Investing too soon in a UX Designer is not necessarily a good choice, it’s a matter of organization. You must be able to put people together around this new ressource and ensure that your UX designer is able to have a decision-making power on the rest of the team.
All UX designers do not design. Some just prototype, or manage your UX strategy. Choose yours paying attention to the resources you already have. For instance, if your UI designer in position does a good job, he will probably make a great team with a UX designer having a product management background.
– According to your timing and strategy:
- is your product in alpha, in beta, released already?
- do you want to optimize something existing or develop something new?
UX designers are adapted for both situation. But if you are not in a agile stategy (product in constant, iterative evolution that care about users’ feedback), maybe you don’t need a UX designer. Because conducting user research without capitalizing on the result of this work in your development roadmap is a waste of energy.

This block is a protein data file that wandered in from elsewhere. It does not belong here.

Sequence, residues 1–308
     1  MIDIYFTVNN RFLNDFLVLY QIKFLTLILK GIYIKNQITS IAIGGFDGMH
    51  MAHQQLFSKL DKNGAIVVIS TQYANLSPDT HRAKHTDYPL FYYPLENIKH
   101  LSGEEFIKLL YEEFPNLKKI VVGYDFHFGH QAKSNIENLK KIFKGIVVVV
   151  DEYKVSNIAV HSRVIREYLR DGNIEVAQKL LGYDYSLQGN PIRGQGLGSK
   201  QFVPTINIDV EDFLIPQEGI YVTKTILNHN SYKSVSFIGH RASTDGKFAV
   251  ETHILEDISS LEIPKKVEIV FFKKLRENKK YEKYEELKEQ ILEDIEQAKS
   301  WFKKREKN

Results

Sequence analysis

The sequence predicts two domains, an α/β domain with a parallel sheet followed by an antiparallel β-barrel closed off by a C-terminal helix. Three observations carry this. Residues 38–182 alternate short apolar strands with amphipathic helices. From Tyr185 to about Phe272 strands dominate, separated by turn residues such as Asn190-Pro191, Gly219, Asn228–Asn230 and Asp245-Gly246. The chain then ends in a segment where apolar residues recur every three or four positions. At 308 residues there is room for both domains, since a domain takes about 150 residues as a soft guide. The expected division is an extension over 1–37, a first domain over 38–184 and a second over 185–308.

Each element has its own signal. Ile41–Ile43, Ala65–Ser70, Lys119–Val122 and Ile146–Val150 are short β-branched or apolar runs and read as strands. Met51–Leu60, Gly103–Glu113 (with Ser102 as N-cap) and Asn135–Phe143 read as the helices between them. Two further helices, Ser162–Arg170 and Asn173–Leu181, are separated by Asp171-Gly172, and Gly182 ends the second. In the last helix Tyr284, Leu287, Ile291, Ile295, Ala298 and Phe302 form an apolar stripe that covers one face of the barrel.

– According to your product characteristics:
- will it require regular or continuous improvement?
- is your goal more to develop a competitive advantage, or stick with his market’ expectations?
- do people in your target need to be outstandingly thrilled by the usage for some specific reason?
Every product deserve a UX designer, but some even more than others.
As an example, e-commerce products won’t need the same care to interfaces and navigation, if they sell windscreen wipers (‘must-have’ product, recurrent purchase once a year, with few competitive advantage and small price difference from one brand to another) or fine chocolate (‘nice-to-have’ product, no fixed recurrence, full price range from ‘entry level’ to ‘deluxe products’ even for a same brand).
Last but not least, entertainment products (compared to “utile” products that solve a problem for a specific market) are interesting examples where everything relies on user experience.
Think about it, and share your thoughts!